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Markets underestimate risk of sterling Brexit volatility - BlackRock

Markets underestimate risk of sterling Brexit volatility - BlackRock
FILE PHOTO: Pound Sterling notes and change are seen inside a cash resgister in a coffee shop in Manchester, Britain, Septem,ber 21, 2018. REUTERS/Phil Noble -
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PHIL NOBLE(Reuters)
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LONDON (Reuters) – Currency markets are underestimating the chance of big Brexit-related swings in the value of sterling over the next 12 months, BlackRock, the world’s biggest asset manager, warned on Tuesday.

Risks had risen in recent months of an “extreme” Brexit outcome – either Britain leaving the European Union without a deal, or deciding to stay in the bloc, BlackRock portfolio manager Rupert Harrison said at a mid-year investment update.

“It’s even more uncertain than it has been at any point in the process,” Harrison said. “You can imagine a very, very wide range of outcomes in the next 12 months, and currently the options markets in currencies are not reflecting the scale of that potential volatility.”

Britain is due to leave the EU on Oct. 31, but parliament has repeatedly rejected the transition arrangements negotiated by outgoing Prime Minister Theresa May, and the two contenders to succeed her have both said they could leave without a deal.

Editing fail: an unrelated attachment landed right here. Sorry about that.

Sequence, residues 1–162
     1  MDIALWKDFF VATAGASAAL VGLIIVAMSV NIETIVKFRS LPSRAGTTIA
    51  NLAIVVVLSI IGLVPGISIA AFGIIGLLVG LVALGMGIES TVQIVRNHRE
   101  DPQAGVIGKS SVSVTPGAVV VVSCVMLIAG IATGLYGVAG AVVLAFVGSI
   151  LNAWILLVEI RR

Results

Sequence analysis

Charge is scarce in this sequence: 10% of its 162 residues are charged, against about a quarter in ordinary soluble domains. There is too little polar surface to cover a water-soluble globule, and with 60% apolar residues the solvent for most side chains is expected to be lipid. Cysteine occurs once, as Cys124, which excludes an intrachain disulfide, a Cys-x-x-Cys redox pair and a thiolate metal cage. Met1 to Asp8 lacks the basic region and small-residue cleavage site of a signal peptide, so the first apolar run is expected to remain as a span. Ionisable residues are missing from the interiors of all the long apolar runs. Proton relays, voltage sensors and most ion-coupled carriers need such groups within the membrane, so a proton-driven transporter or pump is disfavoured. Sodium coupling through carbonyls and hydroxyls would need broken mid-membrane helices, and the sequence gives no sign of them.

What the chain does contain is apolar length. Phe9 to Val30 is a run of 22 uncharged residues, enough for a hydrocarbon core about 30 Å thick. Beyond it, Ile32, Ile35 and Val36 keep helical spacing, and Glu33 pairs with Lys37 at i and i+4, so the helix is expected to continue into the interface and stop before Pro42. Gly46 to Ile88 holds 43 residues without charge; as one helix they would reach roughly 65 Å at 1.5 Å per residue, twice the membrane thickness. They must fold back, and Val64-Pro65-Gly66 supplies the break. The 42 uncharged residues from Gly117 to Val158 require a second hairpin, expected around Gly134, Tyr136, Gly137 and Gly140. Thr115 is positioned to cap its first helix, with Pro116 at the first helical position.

Sterling slid to a six-month low against the U.S. dollar on Tuesday below $1.2440, but a measure of market volatility of sterling over the next 12 months remains well below the post-2016 peak it reached in December 2018.

Harrison, who advised former finance minister George Osborne from 2006 to 2015, said Brexit continued to reduce the attraction of British assets for global investors.

“The cumulative impact of the uncertainty, as well as … all the stocking and destocking that we’ve seen, has definitely had a negative impact on momentum, which has become significantly more negative over the last three months or so,” he said.

Official data due on Wednesday is likely to show economic growth slowed to 0.1% in the three months to May, according to a Reuters poll of economists. This is down from 0.5% recorded in the first quarter of the year, when demand was boosted by stockpiling ahead of the original March 29 Brexit date.

(Reporting by David Milliken, editing by Andy Bruce)

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